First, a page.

“There are also good commercial reasons for doing this, including being around smart people and innovation from the startup community, business development and possible M&A/future investment/partnerships. But it is important to emphasis that all of the above is at the startups’ option and never Barclays.”
In terms of the kind of fintech startups that Techstars are on the look out for, or who might apply to the programme, Bradford says he thinks there will be companies from a broad spectrum of the financial industry and also companies who want early access to the Pingit platform, Barclays’ mobile payments app, as it opens up to developers.
“I’m sure it will appealing to a wide variety of companies who would like to partner with Barclays as well,” he says.
The idea of a major international bank paying it forward is an interesting development in context of the slightly uncomfortable relationship that London’s startups have historically had with the city’s financial sector. Higher wages paid for engineering talent by the banks has always been seen as creating a “brain drain” that many believe has held back the local startup scene.
However, after the global financial meltdown, in which London was particularly exposed, thankfully that’s begun to change.
Projects like the Silicon Milkroundabout job fair, and the general ‘cool’-factor of the East London ‘Tech City’ tech cluster, have also made a good case for startup life over working for a large financial institution.
Fintech, of course, plays to the strengths of both London’s financial district and the neighbouring startup cluster, so it seems natural to see the emergence of dedicated fintech accelerators in the UK capital.
Meanwhile, initiatives like CityMeetsTech are attempting to get the City of London banking community to actually invest in technology startups.
Image credit: Chris McKenna via Wikipedia.Read More →
Senator Bennet’s Remarks: 0:18:28 Doug Ellenoff – CROWDFUND Overview: 0:28:08 Panel Discussion 0:50:27 Streamed live on December 6, 2013 Colorado U.S. Senato…Read More →
Editor’s note: Cyril Ebersweiler is the founder of the pioneering hardware startup accelerator HAXLR8R (which is now looking for applicants) and Partner at SOSVentures. Benjamin Joffe is an expert on startup ecosystems, angel investor and Advisor at HAXLR8R. Both invest in companies around the world and spent over a decade in China and Japan. This is Part 1 of a series.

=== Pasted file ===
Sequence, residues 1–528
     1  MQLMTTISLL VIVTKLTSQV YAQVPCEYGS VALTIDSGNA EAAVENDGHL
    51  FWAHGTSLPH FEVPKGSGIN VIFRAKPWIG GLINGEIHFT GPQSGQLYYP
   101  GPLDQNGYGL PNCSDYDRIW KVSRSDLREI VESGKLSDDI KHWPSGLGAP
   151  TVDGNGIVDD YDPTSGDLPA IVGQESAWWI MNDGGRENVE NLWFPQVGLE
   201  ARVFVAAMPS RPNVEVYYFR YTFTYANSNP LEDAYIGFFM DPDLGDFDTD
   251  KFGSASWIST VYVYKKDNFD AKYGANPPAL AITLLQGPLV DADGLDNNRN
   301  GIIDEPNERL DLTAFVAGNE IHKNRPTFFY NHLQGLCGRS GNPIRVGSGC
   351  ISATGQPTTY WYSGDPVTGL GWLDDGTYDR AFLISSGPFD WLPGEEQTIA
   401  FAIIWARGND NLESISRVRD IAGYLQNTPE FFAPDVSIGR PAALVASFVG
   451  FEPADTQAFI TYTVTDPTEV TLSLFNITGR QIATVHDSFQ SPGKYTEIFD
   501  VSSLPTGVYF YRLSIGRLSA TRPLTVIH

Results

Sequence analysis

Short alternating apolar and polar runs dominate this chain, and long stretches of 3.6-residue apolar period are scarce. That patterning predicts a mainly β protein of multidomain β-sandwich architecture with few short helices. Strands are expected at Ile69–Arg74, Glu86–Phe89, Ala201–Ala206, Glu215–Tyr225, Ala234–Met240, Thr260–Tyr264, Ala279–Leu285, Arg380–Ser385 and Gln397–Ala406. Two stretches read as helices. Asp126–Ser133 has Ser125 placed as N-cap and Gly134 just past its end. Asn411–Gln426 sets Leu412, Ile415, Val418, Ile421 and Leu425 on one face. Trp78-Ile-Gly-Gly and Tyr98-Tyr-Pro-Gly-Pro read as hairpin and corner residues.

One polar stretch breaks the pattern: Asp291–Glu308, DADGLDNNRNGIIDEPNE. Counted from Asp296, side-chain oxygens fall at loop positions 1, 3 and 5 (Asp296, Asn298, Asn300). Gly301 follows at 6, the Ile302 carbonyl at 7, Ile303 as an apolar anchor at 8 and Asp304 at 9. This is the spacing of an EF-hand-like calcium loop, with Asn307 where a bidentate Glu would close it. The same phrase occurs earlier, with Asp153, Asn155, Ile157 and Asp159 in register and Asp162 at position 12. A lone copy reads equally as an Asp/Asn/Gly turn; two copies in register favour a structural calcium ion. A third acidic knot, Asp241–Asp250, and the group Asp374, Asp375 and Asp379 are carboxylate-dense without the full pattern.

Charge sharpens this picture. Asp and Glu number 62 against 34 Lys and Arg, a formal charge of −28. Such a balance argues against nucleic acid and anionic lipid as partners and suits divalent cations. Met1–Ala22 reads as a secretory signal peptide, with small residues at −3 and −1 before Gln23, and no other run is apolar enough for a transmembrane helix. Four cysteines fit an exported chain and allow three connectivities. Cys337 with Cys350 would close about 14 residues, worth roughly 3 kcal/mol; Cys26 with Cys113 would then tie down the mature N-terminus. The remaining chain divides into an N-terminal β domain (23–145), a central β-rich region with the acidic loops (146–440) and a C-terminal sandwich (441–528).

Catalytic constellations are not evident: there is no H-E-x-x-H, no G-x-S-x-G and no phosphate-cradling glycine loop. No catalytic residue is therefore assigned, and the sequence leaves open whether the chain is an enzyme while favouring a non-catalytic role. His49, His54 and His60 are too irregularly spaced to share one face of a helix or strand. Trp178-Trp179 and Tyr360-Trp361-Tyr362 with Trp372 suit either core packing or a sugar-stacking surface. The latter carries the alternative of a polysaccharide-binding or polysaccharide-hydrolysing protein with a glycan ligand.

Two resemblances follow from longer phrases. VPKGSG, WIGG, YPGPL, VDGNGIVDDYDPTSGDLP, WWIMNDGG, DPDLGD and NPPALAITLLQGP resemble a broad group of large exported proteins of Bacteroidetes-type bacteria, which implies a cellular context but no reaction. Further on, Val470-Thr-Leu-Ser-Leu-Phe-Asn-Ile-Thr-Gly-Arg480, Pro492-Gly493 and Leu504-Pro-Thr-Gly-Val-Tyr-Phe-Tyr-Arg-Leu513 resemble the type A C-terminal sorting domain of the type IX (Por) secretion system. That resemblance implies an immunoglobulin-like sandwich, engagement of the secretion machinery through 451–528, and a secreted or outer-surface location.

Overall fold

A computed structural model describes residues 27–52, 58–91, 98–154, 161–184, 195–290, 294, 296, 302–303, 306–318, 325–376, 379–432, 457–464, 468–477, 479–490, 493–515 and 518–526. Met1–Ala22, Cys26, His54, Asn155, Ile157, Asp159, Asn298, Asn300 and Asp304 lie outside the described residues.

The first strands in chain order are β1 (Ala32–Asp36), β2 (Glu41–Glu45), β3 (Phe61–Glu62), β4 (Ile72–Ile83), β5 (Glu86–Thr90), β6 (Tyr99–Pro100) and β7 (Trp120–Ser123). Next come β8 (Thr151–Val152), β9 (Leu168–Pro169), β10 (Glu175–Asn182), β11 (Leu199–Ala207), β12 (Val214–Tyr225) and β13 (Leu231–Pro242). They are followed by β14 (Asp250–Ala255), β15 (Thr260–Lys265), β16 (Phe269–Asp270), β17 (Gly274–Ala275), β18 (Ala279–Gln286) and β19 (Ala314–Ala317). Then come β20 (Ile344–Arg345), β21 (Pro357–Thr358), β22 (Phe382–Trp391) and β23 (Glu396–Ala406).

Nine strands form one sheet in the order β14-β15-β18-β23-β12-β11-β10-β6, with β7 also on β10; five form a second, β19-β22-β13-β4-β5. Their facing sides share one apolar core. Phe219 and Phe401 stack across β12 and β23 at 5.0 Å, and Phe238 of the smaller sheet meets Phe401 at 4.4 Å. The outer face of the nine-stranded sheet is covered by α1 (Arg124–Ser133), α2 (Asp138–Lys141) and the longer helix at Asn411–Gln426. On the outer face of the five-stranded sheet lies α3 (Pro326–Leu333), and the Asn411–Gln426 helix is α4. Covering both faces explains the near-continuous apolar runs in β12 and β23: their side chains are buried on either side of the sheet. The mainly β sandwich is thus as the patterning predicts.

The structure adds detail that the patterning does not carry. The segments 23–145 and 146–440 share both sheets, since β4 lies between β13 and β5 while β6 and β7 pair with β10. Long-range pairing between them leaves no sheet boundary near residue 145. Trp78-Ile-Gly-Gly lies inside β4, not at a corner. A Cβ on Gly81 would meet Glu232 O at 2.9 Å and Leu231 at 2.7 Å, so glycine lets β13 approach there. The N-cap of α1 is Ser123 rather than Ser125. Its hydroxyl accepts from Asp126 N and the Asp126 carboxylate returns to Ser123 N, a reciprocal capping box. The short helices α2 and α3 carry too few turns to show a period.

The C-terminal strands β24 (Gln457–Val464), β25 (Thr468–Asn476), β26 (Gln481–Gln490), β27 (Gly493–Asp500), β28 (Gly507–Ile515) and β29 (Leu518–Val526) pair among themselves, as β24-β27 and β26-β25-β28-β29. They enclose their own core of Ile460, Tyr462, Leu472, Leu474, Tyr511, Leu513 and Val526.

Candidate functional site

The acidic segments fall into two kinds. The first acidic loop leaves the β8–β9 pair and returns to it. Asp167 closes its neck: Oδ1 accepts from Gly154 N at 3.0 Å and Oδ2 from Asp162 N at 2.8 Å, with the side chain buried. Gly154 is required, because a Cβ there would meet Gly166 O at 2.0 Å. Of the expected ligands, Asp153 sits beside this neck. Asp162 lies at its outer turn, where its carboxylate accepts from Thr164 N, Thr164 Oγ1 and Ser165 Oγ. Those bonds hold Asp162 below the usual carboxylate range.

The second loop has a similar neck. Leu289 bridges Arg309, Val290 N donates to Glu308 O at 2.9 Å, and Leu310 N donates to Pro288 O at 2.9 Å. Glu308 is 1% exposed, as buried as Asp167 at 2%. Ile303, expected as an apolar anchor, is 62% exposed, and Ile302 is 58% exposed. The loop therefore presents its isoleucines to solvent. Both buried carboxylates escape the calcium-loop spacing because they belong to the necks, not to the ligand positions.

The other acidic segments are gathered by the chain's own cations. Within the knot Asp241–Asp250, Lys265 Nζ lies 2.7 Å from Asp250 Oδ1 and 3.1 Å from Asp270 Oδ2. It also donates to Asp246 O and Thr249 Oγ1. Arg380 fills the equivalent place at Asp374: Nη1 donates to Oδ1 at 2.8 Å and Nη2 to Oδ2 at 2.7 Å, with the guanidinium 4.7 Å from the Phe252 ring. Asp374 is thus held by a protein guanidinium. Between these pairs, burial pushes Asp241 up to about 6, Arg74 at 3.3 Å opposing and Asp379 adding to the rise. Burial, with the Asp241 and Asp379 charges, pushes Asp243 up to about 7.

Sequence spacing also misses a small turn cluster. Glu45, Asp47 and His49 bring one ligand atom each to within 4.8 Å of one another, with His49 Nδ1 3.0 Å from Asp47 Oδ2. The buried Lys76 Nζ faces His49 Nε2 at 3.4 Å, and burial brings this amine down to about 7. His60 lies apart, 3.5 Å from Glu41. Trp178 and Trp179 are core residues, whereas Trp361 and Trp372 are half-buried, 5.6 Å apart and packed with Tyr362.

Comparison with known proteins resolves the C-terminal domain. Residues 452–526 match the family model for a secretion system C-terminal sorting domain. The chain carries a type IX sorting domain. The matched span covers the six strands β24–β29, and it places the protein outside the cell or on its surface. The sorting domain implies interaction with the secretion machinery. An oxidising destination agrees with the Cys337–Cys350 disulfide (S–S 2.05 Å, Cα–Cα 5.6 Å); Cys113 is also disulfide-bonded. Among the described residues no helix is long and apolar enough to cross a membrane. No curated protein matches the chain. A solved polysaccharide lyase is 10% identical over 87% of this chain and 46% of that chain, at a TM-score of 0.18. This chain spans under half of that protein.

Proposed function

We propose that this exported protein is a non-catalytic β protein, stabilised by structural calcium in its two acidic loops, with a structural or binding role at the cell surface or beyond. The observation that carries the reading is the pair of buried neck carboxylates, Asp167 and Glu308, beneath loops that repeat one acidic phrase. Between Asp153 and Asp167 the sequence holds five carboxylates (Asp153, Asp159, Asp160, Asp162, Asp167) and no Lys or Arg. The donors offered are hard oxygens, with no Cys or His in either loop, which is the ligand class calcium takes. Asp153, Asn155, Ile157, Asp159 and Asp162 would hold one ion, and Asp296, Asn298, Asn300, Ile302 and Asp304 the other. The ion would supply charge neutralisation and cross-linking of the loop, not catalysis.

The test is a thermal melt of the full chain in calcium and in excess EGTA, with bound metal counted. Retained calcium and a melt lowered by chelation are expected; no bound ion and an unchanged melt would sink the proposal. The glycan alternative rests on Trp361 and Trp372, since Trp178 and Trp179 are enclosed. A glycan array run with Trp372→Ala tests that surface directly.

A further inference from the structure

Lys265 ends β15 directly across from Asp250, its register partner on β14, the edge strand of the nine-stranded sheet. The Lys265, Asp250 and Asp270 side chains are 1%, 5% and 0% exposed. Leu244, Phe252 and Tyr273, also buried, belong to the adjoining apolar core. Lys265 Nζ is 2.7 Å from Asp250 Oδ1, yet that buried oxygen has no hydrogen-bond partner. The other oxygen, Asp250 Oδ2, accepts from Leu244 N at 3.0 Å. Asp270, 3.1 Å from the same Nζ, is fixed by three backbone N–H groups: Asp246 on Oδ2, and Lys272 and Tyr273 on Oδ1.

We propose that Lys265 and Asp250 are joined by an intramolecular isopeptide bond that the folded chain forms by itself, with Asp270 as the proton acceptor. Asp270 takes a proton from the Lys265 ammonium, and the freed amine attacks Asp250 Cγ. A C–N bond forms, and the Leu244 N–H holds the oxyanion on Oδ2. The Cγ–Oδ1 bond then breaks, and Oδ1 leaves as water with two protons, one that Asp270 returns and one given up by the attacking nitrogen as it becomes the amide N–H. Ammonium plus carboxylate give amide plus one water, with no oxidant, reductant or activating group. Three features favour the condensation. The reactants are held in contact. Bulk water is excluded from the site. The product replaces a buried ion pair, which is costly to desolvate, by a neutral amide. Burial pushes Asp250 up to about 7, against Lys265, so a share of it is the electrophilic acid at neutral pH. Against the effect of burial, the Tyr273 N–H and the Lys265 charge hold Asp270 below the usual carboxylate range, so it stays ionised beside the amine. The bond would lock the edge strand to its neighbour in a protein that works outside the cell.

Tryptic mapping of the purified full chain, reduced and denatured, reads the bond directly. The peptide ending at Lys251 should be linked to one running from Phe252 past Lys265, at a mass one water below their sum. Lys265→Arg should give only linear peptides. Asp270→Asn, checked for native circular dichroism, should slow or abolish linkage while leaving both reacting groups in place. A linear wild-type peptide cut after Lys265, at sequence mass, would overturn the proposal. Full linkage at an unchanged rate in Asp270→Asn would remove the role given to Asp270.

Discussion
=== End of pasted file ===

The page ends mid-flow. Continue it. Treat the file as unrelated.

If the printing press was about “anyone can read,” the web about “anyone can write,” the hardware ecosystem changed enough to say today “anyone can build.” This idea – that anyone can build – is the cornerstone of the new “lean hardware startup.”
Yet, despite successes like Square, Jawbone, and Fitbit, hardware startups continue to look daunting to entrepreneurs and investors alike. As investors in over 30 of them through our hardware-focused accelerator HAXLR8R (and in a number of startups outside HAXLR8R, too), we would like to share some ideas on how the landscape has changed for hardware entrepreneurs, and how it is now possible to be “lean” in hardware, too.
The first challenge for hardware entrepreneurs is to get from your first prototype with 3D-printed parts, duct tape and cardboard to production-ready.
Steve Blank, a key inspiration in the Lean Startup movement, famously said “No business plan survives contact with the customer.” If you’re doing hardware the lean way, “No hardware plan survives contact with a factory” should be your mantra.
Design with the right components
Hardware often starts with a “bag of parts.” This won’t cut its time to hit the factory. Non-standard components make it nearly impossible to manufacture on a larger scale. If you don’t want to be doing all the assembly work by hand with your friends in the style of Steve-Jobs-the-movie, you’d better look for the right parts as soon as possible.